A monk that has spoken at Google on workplace happiness. An Emirati author that has written a searing, evocative portrayal of the father/son relationship in a Muslim community. A surgeon that has revolutionised eye surgery, with implications for entire countries.
These thinkers and leaders are not, perhaps, who you might expect to be speaking at a literary festival. But for the Emirates Airline Festival of Literature, which takes place from 4-9 February this year, unexpected has always been part of their genetic makeup.
“Every literary festival is unique in its own way,” says Ahlam Bolooki, the Festival Director. “What makes ours unique is one third of the world lives within a six hour radius of us, which means our festival is able to be as diverse as its community. Obviously, we are a non profit, so without Emirates being a title sponsor of the festival, we wouldn’t be able to fly in all the authors. If you compare what we do with other festivals around the world, we have so many global names in one place.”
Alexander McNabb is one of the local success stories. An expat to Dubai, living in the emirate has proved formative for his writing, seeing him publish critically acclaimed novel, Olives – A Violent Romance, Beirut – An Explosive Thriller, and most recently, Birdkill.
“The reality of the scene is changing, and a lot of that is down to LitFest itself,” he says. “It plays a tremendous role in bringing local authors to the fore, and celebrating the relationship between authors and readers. We’ve had big book events, but they’re very much more trade fairs, about selling books. When it comes to talking books, sharing books, enjoying books, having access to books, it’s what’s made it unique. It played a huge role in expanding the local fiction scene.”
“Speaking from the festival’s perspective, it’s been running for 12 years now, and through the evolution of the festival there’s so many things that have changed,” adds Bolooki. “For example, it’s gone from us seeking out authors to us now being contacted, it’s the other way around, it’s a place where now the festival has established itself as a sort of platform for the region so you see a lot of local authors, when they start writing, it’s a king of goal for them to be launching a book at the festival, or being able to take part and speak at the festival alongside all the global names that come here. It’s been amazing to have been able to give them that platform. It’s just opened so many doors for the region.”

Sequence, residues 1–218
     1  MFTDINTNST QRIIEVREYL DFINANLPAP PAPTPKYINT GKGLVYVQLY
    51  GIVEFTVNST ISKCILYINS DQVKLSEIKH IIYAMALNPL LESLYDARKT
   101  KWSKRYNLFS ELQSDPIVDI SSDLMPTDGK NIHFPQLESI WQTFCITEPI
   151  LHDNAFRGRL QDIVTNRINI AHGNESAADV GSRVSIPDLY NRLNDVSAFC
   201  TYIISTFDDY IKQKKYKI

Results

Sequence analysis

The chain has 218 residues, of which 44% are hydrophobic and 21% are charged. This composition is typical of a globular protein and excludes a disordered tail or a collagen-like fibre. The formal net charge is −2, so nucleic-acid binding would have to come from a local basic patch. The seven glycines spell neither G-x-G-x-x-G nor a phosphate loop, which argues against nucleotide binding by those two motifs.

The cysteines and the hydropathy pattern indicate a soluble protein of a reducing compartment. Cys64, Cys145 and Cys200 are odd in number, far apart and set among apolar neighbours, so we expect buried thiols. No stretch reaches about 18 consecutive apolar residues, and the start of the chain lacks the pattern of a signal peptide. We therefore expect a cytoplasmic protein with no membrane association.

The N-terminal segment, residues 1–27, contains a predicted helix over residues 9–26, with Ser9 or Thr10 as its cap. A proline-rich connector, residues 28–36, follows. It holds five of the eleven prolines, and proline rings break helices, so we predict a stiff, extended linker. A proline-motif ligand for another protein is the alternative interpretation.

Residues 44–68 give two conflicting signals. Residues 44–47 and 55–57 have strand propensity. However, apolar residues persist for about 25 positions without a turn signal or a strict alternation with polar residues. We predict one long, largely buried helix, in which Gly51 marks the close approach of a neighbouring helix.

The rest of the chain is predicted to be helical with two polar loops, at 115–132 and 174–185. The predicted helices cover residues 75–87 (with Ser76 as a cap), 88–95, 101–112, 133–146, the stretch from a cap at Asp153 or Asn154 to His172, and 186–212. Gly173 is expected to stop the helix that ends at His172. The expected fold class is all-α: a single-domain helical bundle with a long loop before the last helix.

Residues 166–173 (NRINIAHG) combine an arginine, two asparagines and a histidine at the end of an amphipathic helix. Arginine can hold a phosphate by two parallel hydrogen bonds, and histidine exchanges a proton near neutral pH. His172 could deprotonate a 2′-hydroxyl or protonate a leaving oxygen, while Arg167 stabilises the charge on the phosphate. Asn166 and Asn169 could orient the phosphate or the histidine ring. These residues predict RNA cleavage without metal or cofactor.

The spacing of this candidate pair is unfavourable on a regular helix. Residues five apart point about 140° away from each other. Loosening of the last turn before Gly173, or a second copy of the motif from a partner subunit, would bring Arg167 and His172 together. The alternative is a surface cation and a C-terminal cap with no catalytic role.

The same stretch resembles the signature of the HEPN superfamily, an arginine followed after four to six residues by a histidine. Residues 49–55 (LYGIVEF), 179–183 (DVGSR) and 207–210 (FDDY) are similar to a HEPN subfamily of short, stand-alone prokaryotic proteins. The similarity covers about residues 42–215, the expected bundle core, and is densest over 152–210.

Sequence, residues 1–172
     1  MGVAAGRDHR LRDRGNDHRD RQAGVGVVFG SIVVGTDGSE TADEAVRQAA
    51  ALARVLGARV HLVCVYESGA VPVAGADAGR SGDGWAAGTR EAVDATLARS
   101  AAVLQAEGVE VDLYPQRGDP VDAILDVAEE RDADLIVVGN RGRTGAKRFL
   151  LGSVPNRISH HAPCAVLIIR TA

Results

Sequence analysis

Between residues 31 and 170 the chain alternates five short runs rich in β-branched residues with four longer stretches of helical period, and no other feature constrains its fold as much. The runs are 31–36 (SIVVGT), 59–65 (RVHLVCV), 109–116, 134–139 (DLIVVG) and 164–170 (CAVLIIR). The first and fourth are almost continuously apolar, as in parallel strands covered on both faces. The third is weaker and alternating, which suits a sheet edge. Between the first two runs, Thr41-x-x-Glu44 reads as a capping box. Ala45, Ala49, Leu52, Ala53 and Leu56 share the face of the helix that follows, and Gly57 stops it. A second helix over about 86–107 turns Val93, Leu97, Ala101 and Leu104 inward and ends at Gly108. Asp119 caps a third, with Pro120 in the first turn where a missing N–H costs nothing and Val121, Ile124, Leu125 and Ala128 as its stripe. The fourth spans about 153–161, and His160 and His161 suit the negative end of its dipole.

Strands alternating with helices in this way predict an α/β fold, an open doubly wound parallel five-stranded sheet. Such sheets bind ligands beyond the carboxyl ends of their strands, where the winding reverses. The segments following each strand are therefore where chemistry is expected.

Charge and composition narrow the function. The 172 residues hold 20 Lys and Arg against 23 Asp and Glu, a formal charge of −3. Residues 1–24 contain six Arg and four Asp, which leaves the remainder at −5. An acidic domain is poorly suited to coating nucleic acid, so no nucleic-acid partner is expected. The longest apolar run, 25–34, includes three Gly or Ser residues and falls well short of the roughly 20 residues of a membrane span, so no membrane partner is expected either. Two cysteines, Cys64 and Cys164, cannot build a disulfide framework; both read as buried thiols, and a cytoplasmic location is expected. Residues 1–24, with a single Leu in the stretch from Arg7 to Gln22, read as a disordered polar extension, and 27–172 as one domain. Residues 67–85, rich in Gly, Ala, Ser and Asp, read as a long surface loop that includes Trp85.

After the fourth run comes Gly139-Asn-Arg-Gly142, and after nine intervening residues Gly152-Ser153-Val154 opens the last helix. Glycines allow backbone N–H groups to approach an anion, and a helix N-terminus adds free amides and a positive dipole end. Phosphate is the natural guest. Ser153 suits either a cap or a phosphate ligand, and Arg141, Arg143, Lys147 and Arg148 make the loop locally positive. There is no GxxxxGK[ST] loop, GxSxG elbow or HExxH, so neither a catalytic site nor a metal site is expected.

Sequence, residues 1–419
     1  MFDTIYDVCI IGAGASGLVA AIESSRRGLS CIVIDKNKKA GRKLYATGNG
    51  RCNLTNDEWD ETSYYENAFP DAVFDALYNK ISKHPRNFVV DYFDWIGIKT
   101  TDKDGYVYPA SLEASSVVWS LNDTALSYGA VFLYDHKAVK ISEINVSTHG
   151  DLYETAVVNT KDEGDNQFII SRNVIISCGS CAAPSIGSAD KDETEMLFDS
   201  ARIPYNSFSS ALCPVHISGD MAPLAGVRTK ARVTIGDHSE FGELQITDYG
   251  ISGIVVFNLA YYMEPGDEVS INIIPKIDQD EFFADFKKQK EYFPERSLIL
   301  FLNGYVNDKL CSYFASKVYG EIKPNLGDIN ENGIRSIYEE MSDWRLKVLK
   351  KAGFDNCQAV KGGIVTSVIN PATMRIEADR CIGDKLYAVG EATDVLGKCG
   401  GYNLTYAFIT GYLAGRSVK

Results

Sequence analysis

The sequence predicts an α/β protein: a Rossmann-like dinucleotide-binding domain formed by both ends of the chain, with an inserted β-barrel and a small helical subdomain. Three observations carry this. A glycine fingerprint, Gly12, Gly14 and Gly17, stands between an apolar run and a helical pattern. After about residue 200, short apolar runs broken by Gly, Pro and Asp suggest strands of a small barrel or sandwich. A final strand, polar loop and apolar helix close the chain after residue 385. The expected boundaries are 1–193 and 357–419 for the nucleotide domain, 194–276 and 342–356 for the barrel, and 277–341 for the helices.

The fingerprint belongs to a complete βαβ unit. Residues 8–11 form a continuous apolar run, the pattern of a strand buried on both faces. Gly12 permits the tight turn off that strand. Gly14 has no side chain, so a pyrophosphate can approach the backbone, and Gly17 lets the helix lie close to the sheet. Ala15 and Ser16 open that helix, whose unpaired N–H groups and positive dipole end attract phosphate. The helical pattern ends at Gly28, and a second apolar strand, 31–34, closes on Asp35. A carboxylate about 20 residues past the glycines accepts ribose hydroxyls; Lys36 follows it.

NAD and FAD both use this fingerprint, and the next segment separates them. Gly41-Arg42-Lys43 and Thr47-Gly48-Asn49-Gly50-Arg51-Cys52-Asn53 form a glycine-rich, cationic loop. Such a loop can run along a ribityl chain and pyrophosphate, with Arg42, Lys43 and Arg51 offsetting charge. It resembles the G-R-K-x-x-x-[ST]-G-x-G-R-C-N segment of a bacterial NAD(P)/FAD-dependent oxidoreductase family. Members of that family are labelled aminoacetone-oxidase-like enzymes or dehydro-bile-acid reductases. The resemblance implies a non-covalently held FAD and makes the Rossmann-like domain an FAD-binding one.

The addition of an increasing number of local authors has also proved welcome to the scene. “What we’ve tried to do more and more over the years is to bring Middle Eastern, Arab and Emirati voices and have them on panels with other voices,” she adds. “You will never see these people in this setting ever again, so if you miss that talk then you’ve missed it for good!”
Bolooki quickly rattles through some of the 60 Emirati authors involved in one way or the other with the festival this year, including regular names such as slam poet Afra Atiq, to Dr Habib al Mulla, one of the biggest lawyers in the country who has written about restaurant culture around the world.
The resurgence of a literary scene is down to a few factors. Some of it is government-led; an initiative was launched in 2016 to refurbish the entire Dubai Public Library network, with the plan supporting the UAE National Strategy for Reading. The pilot project was the revamp of the Al Safa Art & Design Library, which originally opened in 1989. Redesigned with masses of natural light, it now serves as a benchmark for all public libraries in the emirate.
But one motif that authors or local members of the community regularly pinpoint on is the evolution of how people are living in the UAE.
“A lot more people now are writing books in the region,” says McNabb. “Time has had an effect, too. People have put down roots here, they’ve invested in real estate, they have a much more long term view of life, there is much more room for culture to grow and flourish whereas previously you just did two years and then went home. I think there’s now more people with more time on their hands and more inclination to enjoy their leisure a bit more, and so I think that slightly slower pace means you’re less focused on making money and more focused on a more rounded view of life.”